Back in the 1800’s, the word “restaurant” evolved from the French word for “restore,” giving a proper name to businesses that refreshed weary visitors with wonderful food and beverages. Nowadays, people go to restaurants for sustenance, but also to enjoy different dining experiences from what they can make themselves at home. Starting today, 9to5Toys’ new column Kitchen Tech is here to help you bring restaurant-quality dining into your own kitchen. I’m excited to help you learn what’s cool in the ever-evolving world of eating and drinking gadgetry. My first topic is something nearly as simple as water itself: ice.
It’s easy to ignore ice when you’re drinking. You don’t order the ice – you order a drink – and unless you’re guzzling water or Sprite, the color of your beverage will likely be far more interesting than whatever’s floating in it. Even if your ice is made with stale-tasting water, you might not notice it if the sugar or alcohol level is strong enough.
Ice became important to me four years ago. The first time I saw a perfect sphere of glimmering ice floating in a glass, I suddenly wanted to understand why I’d never seen anything like it before. Once I learned why ice spheres were uncommon (they’re hard to make!), I tried to figure out why some restaurants and bars were going through the trouble to make the ice perfectly clear and round. In today’s Kitchen Tech, I’m going to share the answers with you, and show you how to make perfect ice at home.
According to legend, the ice ball originally debuted in Japanese craft cocktail bars, where a handful of particularly talented bartenders demonstrated their ice-carving prowess by manually chipping blocks of perfectly clear ice into spheres that could cool down pricey glasses of whiskey. Seeing a bartender pull this off with little more than an ice pick and a towel is actually pretty impressive. Even if it’s roughly the same size, the resulting ice ball has less surface area than an ice cube, melting slower and therefore reducing dilution of the drink.
But a Japanese company called Taisin decided to mechanize that process, releasing what’s now called the Taisin Ice Mold. Taisin created a golden aluminum cylinder with a plastic top handle and a plastic base.
You separate the Ice Mold into two halves, insert an oversized ice slug into the center, then drop the top piece on top of it. Gravity and heat automatically transform the slug into a glimmering ball of ice, typically in less than one minute. Once you’ve seen the Ice Mold work in front of your eyes, you’ll want one. I splurged and bought one, which looks just like this, and it works beautifully.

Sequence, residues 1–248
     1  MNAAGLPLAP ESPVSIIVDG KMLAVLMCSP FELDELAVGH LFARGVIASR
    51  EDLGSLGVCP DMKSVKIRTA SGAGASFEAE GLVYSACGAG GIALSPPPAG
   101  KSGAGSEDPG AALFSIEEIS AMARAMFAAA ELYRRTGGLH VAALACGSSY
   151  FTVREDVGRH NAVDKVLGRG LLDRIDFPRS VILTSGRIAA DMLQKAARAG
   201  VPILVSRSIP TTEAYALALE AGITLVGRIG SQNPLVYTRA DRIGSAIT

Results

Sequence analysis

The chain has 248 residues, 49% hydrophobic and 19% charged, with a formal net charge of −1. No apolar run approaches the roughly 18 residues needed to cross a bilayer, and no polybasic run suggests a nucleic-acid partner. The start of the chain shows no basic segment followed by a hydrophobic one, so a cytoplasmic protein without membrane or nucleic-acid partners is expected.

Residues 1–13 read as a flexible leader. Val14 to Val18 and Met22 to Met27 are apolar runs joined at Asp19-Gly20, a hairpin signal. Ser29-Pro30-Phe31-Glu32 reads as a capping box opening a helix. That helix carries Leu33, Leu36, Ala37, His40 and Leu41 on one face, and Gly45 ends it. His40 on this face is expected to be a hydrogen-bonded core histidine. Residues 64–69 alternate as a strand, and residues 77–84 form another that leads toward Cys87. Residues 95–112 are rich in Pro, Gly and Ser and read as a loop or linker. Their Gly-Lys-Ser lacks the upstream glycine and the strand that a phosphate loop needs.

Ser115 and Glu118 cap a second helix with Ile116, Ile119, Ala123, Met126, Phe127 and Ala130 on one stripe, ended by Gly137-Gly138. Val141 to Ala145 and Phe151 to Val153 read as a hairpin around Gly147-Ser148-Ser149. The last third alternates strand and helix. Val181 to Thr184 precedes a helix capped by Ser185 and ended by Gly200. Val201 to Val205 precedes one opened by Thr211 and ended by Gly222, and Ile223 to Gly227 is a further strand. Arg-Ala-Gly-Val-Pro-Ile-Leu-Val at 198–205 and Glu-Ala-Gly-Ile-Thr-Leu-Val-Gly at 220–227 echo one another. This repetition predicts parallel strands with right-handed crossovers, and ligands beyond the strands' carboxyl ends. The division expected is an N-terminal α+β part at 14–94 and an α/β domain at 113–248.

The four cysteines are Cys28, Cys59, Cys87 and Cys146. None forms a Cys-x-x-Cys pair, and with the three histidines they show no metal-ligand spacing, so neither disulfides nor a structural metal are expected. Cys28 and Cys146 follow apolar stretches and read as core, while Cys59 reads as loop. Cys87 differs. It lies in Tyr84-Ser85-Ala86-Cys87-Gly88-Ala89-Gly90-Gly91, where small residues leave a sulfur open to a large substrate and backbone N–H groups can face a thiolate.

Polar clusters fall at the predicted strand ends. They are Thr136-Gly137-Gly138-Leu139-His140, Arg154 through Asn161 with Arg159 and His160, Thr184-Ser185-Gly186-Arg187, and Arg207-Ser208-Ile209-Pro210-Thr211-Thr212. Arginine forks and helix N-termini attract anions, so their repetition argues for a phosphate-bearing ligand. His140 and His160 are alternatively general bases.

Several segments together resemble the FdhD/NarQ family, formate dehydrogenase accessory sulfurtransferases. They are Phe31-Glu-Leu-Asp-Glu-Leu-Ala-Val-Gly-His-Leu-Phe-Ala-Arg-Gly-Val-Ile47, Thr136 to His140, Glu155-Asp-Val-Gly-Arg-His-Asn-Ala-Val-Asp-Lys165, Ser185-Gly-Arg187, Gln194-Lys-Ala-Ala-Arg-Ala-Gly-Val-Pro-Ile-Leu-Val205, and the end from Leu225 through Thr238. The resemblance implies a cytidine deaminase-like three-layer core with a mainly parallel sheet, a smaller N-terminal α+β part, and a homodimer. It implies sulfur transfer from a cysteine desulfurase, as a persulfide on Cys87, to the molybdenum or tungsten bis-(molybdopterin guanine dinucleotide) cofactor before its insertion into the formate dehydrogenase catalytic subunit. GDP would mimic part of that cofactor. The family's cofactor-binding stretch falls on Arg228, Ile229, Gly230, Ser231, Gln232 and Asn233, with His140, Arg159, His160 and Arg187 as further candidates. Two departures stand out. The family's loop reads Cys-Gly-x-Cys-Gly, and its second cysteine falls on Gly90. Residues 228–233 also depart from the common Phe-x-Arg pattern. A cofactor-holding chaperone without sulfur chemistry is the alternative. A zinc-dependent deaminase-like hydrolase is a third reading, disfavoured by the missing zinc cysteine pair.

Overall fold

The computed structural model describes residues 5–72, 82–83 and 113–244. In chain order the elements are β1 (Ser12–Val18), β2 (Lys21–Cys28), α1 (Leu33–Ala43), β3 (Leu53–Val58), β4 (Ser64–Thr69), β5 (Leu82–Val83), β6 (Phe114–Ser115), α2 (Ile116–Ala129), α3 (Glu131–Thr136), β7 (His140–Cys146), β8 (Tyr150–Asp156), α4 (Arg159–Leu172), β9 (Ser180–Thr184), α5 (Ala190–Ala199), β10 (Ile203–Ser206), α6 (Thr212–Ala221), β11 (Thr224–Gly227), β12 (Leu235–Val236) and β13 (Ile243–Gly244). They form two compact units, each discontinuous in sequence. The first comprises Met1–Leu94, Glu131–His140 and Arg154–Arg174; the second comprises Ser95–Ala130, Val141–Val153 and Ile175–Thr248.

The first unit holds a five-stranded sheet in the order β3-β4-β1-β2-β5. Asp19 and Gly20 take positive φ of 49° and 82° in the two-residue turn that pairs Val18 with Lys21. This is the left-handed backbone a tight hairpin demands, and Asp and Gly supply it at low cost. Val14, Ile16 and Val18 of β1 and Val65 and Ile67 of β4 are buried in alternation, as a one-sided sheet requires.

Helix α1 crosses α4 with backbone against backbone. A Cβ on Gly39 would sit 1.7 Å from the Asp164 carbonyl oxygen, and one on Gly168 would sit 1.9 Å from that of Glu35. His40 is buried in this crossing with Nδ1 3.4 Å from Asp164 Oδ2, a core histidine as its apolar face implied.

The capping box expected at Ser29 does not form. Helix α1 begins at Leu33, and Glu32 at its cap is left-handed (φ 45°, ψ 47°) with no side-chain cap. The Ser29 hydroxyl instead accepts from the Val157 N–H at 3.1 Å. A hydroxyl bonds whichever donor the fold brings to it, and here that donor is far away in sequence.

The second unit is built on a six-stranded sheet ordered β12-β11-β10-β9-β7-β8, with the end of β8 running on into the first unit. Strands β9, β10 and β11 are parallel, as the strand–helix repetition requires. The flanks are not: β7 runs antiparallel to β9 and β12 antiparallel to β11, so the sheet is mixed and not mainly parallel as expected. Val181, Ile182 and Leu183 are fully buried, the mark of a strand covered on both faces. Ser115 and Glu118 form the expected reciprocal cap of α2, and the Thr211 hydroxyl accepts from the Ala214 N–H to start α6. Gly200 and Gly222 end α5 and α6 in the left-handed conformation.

The problem: Taisin sells the regular-sized (55mm/2.2″) Ice Mold for around $700 – a lot cheaper than importing a Japanese bartender – but all of its products are marked up a lot for resale in the United States. It also makes a tiny version called the Ice Mold Mini for around $122 – available here for $240 – but the ice balls it makes are 30mm, tiny 1.2″ spheres that won’t be any more useful than the ice cubes that your freezer produces for free. You really need at least a 2″ diameter ice ball to chill a drink and make the right visual impact, while balls larger than 2.75″ might not fit in some whiskey glasses. Metal Japanese ice ball makers this big are prohibitively expensive. So clones have popped up to offer nearly identical functionality at lower prices.
The Whiskey Ice Co. sells a $400 version that makes 2.6″ ice balls, right-sized for whiskey glasses.
Respected cocktail specialists Cocktail Kingdom sell a $170 version that makes 2.2″ ice balls just like the Taisin. I’ve tested this one, and the results are excellent for the price; I’d recommend it to anyone.
And Cirrus, which was the first to clone Taisin’s design, sells a $700 version that makes 2″ ice balls.
There are many inexpensive alternatives that promise to do the same thing, but fall short in actual results. SiliPro sells a mold that makes four 1.77″ ice balls for less than $30. III Lab offers Ice Ball Makers that create two 2.5″ spheres for under $25. Basically every option like this will turn out imperfect, egg-shaped and obviously seamed pieces of ice. As they say, you get what you pay for, but if you’re satisfied with “good enough,” these aren’t a bad way to start.
The other challenge is getting the ice to be perfectly clear. Typical freezers chill water so quickly that air bubbles in the center can’t escape, and fresh-from-tap water may be discolored or laden with particles, depending on your local water source and pipes. Hard-core ice makers go through a several step process, using either purified or boiled water, gently vibrating the water in slug molds to release air bubbles before freezing, and then using a slow freezer — say, an ice-packed Igloo cooler – so that the freezing process is slower and cleaner.
The single most important step is slowing down freezing by using a cooler. Get that part right and then start playing with boiling, vibration, and different types of water at your leisure. You can then start making ice balls with herbs or fruit embedded inside, just to name a couple of interesting applications of the basic technique.
Ice balls aren’t the only way to make a drink better, but they’re one of the coolest magic tricks to instantly transform a pretty good drink into something memorable. We’ll look at more cutting-edge techniques in future Kitchen Tech columns, coming soon to 9to5Toys!